Automatic Nuclei Segmentation and Tumour Cellularity Assessment in Breast Cancer Histopathological Slides
Neoadjuvant therapy is a treatment option increasingly used for patients with invasive breast cancer. read more
One in nine women will develop breast cancer within their lifetime, equating to around 3,000 New Zealanders annually.
Previous research has indicated that around 5-10% of these people carry genetic variants that can be used to guide patient management, directing their clinical care to the most effective treatment options and lowering the individual risk of recurrence. At least 10% additional patients carry genetic changes referred to as variants of unknown clinical significance. There is a lot of uncertainty around whether these variants increase risk of disease or not. Current classification tools have been unable to obtain the evidence required to confirm or rule out pathogenicity for the majority of these variants. BaseScope is a novel technology that allows gene expression to be observed in single cells.
This study will determine whether this new technology can be used diagnostically to identify people who carry genetic variants that are associated with an increased risk of breast cancer. A key outcome from this proposal may be the development of an innovative genomic-based method for evaluating genetic changes responsible for cancer and other inherited diseases.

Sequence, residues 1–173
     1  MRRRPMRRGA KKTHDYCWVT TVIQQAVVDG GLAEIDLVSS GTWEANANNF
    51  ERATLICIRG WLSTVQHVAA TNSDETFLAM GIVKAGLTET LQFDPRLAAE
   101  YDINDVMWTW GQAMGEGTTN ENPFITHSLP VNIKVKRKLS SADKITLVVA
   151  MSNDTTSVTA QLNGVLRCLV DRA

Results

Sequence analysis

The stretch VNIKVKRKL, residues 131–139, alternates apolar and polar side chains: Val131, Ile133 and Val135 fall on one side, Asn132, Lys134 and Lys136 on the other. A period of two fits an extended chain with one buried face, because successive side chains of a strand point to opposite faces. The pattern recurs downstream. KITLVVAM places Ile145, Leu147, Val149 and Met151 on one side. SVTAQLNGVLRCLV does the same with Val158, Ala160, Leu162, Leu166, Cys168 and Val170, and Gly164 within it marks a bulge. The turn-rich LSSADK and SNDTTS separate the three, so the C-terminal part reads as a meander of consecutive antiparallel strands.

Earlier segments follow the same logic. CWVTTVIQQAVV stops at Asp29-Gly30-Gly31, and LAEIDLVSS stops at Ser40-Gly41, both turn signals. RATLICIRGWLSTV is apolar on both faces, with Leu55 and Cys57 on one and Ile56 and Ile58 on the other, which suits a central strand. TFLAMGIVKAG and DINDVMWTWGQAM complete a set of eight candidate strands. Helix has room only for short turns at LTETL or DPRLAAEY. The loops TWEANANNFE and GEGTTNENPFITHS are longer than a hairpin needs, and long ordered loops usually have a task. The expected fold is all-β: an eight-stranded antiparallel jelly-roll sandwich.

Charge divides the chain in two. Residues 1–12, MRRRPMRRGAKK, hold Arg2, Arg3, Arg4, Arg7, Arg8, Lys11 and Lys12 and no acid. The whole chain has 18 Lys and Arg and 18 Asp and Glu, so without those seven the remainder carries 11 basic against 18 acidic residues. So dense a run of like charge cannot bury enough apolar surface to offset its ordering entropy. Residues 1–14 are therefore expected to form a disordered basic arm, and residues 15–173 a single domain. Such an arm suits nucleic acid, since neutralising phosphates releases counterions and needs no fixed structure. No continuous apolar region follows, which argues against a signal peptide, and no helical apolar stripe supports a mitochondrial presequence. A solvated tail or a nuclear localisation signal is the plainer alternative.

Christchurch PhD candidate Dr Lattimore has a strong history of breast cancer in her family. Three of five sisters in her family tree either suffered from or died of breast cancer. This makes her PhD project looking at BRAC1/BRAC2 genetic screening both intellectually stimulating and personally rewarding.More About Dr Vanessa Lattimore
Breast Cancer is the uncontrolled growth of abnormal breast cells. Breast Cancer is not caused by a bacteria or a virus and is not contagious. Normally cells are created, grow and die in a controlled way. However, when abnormal changes occur in the genes which usually regulate this orderly process, normal gene function can be turned on or off. Damaged cells are then able to keep growing and dividing and a tumour is formed. A tumour in the breast can be benign (usually not life-threatening) or malignant (cancerous). Although a benign tumour may cause problems as it grows, it does not spread to other parts of the body. On the other hand, a malignant tumour does have the potential to grow and spread to form secondary tumours. When this happens, it’s called advance, metastatic or secondary breast cancer.